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Date: 24 Jan 2010 02:54:00
Title: San Blas

We were woken up at 05.00 this morning by the depth alarm and GPS alarm both going off together - quite a din. We had originally anchored in 45 feet and the echo sounder was now saying 15 feet! The wind was very light, but had swung from the north east round to the south west and the boat had swung towards the shore. So it was just as well that we set the alarms. As it was pitch black and there were other boats anchored not too far away, we maneuvered back into deeper water just by turning the rudder and I stayed up until dawn when we could see exactly where we were. We then put a second anchor out to keep her in deep water. For the last year the winds have always come from the east - somewhere between north east and south east, but when the winds are light, they can change and if not careful you can gently drift ashore! Many of the anchorages in the San Blas islands are between reefs, so you can have a reef in front of you and a few boat lengths behind you, something that takes a bit of getting used to.

Being up early we did see something special when it got light. At 15-20 feet on white sand we could easily see the bottom and we saw a spotted eagle ray (about 4ft across) glide under the boat, turn round again and come back under the boat before gliding away. Unlike Bonaire, there are very few fish in the anchorage so that was quite a surprise.

The anchorage here is about 1/4 mile across and surrounded by 7 separate, almost equally spaced 'desert' islands with palm trees and dotted with white beaches. The islands are connected by shallow reefs, in beautiful turquoise water, except for 2 of the islands where the water is deeper and allows boats to get in and out. The water in the middle is quite deep (60 - 80ft) and so you approach an island, drop the anchor as it gets shallower and drop back into deeper water. With the wind always in the same direction (until last night) it's normally straight forward. The water in here is quite warm and we snorkel most days, but there are not a lot of fish. Surprisingly there are no birds - so when the wind drops out the sea is flat and it's quite silent, and quite strange.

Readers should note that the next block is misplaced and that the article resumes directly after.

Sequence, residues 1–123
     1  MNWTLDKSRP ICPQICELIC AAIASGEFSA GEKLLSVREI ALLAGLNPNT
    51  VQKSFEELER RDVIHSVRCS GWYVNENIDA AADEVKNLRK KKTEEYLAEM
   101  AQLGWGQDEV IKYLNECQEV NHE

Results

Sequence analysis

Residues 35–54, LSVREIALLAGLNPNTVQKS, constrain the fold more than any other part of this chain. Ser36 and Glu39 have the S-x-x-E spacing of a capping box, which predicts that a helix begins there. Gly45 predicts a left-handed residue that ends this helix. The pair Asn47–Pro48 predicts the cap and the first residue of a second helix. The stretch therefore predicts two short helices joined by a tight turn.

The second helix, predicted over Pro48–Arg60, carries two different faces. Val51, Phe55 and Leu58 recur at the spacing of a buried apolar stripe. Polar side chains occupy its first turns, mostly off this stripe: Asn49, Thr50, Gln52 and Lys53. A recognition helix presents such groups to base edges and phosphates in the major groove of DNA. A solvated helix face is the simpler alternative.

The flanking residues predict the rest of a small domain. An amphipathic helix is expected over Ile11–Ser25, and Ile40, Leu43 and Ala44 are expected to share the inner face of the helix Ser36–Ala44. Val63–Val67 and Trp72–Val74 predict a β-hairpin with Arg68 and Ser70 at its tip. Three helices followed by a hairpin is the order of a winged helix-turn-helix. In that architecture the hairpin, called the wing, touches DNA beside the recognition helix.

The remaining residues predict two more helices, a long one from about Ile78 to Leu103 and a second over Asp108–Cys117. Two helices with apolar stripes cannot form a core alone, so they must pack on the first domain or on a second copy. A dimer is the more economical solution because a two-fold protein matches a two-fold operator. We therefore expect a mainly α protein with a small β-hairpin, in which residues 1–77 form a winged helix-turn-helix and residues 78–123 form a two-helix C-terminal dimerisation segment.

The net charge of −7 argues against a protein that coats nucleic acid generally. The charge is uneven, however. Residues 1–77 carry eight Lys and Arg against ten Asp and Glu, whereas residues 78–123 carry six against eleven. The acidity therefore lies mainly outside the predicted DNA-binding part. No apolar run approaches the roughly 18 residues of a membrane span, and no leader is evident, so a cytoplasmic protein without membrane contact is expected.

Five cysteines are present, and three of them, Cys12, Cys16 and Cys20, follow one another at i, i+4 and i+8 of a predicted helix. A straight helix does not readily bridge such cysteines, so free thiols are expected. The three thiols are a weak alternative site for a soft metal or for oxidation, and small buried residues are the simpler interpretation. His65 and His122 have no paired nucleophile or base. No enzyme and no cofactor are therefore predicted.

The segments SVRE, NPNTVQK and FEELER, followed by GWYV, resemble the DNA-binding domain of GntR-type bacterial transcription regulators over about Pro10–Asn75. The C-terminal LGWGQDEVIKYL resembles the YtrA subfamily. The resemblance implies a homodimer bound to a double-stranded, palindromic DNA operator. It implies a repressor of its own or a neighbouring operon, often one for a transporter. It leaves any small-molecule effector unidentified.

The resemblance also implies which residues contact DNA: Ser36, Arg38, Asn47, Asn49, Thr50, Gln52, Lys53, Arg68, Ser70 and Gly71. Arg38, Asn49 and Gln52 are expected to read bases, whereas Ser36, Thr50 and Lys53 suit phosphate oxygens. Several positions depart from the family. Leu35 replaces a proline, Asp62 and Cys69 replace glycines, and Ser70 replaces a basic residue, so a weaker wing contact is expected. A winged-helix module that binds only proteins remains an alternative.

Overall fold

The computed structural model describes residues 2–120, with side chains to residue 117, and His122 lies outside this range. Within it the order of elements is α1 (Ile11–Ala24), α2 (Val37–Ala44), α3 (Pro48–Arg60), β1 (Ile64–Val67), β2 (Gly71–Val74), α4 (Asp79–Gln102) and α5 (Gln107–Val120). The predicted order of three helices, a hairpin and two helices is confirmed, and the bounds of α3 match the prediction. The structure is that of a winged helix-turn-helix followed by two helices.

A few Kuna Indians live on some of the islands and fish in their dugout canoes, which they also have sails for, which must be tricky as they are very narrow. This group of islands is furthest from the mainland (so the water is a lot clearer as river sediment doesn't reach this far), but most of the Kuna Indians live on islands close to the mainland. They live in huts made from fast growing plants from the rain forest on the mainland and some islands are literally packed with huts from shore to shore. When we checked in with customs and immigration we anchored not far from one of these islands and were visited by a family paddling their dugout canoe and selling intricate embroidery. So we have our Kuna souvenir! Plus a picture of them sailing their canoe away. Some do have boats with outboards, but many still just have canoes. We hope to stay here for a few more days and weather permitting will move on to the canal zone towards the end of next week. The city at the Atlantic side of the Canal is Colon and that's where we will be heading.

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